He stressed that “Hezbollah” is part of the illegal drug and arms trade and money-laundering networks throughout Europe. It is using funds generated from this activity to finance terrorist attacks. The party is also sponsored by Iran and Syria that finance it and provide its members with training and weapons.

According to US Defense Department officials, Tehran provides up to 200 million dollars a year to “Hezbollah” in the form of financial support, arms and training. The party has an arsenal of around 150,000 rockets and its fighters are supporting the Syrian regime of Bashar Assad.

The draft-law calls on the EU to impose sanctions on terrorists associated with “Hezbollah” in line with the sanctions imposed by the US. It is also urged to designate the whole party as terrorist, issue arrest warrants against its members and backers, freeze its assets throughout Europe and ban any fundraising campaigns for the party.

The draft-law underlines the importance of achieving greater cooperation between the US and EU in thwarting “Hezbollah’s” criminal and terrorist activity and increasing the exchange of intelligence to that end.

The Senate Committee on Foreign Relations will also study a draft-law submitted by Democrats and Republicans that calls on Iran to unconditionally release all American citizens its has imprisoned.

US citizen Robert Levinson traveled to Iran in 2007 and disappeared while visiting the island of Kish. For ten years, Washington has tried to pressure Iran to provide any information about his fate and ensure his safe return to his family. Iranian government officials had pledged to do so.

(Source / 28.06.2017)

Hamas unveils buffer zone at Egyptian border amid growing ties with Cairo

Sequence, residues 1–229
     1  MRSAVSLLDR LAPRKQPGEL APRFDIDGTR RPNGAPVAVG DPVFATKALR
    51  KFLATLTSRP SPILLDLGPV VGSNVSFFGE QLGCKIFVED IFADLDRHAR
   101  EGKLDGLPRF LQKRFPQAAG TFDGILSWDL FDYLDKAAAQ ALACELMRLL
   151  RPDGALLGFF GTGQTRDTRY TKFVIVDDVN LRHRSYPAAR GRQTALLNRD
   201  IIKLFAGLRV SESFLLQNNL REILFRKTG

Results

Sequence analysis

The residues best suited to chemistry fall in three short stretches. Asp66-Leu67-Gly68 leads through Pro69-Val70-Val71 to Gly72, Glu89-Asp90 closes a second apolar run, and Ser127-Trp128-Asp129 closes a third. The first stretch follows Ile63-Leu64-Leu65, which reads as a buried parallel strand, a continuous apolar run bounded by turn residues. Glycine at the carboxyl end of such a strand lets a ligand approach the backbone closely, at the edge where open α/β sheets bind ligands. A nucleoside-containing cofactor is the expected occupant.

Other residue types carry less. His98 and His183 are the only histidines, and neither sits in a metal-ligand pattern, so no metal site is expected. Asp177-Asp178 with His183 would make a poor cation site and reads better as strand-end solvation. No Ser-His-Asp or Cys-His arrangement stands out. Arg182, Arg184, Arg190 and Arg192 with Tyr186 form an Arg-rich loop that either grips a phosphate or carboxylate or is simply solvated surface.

Gaza bufferzone Egypt

GAZA CITY (Ma’an) — The Hamas-run Interior Ministry in the Gaza Strip has announced new measures to “increase control and enhance security” at the territory’s southern borders with Egypt, including the establishment of a 100-meter-wide “buffer zone” there.

Gaza’s Interior Ministry said in a statement on Wednesday that the first phase of the new measures also includes paving the 12-kilometer long road along the borderline, where surveillance cameras, watchtowers, and lights will be installed.
Bulldozers were also reportedly expected to demolish a series of homes and structures along the border.
Deputy Interior Minister Tawfiq Abu Naim, who made a preliminary visit to the border area amid preparations for the plans earlier this month, confirmed that the procedures came as a result of a recent visit by a Hamas delegation to Cairo.
Abu Naim said that the buffer zone being constructed inside Palestinian lands will become “a closed military zone,” in order to facilitate the surveillance and preventing drug smuggling and the infiltration of “wanted men” — presumably referring to fugitives wanted by Egypt.
Gaza bufferzone Egypt Tawfiq Abu Naim
Tawfiq Abu Naim, Gaza’s Deputy Minister of the Interior
The deputy minister pointed out that these procedures would continue until “complete control” was achieved over the southern border.
“Egyptian national security is Palestinian national security. No threat to the stability of security conditions on our southern borders would be allowed,” the ministry’s statement quoted Abu Naim as saying.
The announcement came as Hamas has increased efforts to improve ties with Cairo, which has long accused the de facto Gaza ruling party of aiding an insurgency in the northern Sinai Peninsula, which has been met with a harsh ‘counterterrorism’ crackdown by Egyptian authorities.
In April 2016 Hamas set up dozens of new border posts in an attempt to improve relations with Egypt.
While Hamas has consistently denied allegations of involvement in the Sinai insurgency, the Palestinian political faction has a vested interest in increasing security cooperation with Egypt, amid a diplomatic siege by Egypt and other Arab countries on Hamas’ long-time supporter Qatar, where the former head of Hamas’ politburo was based.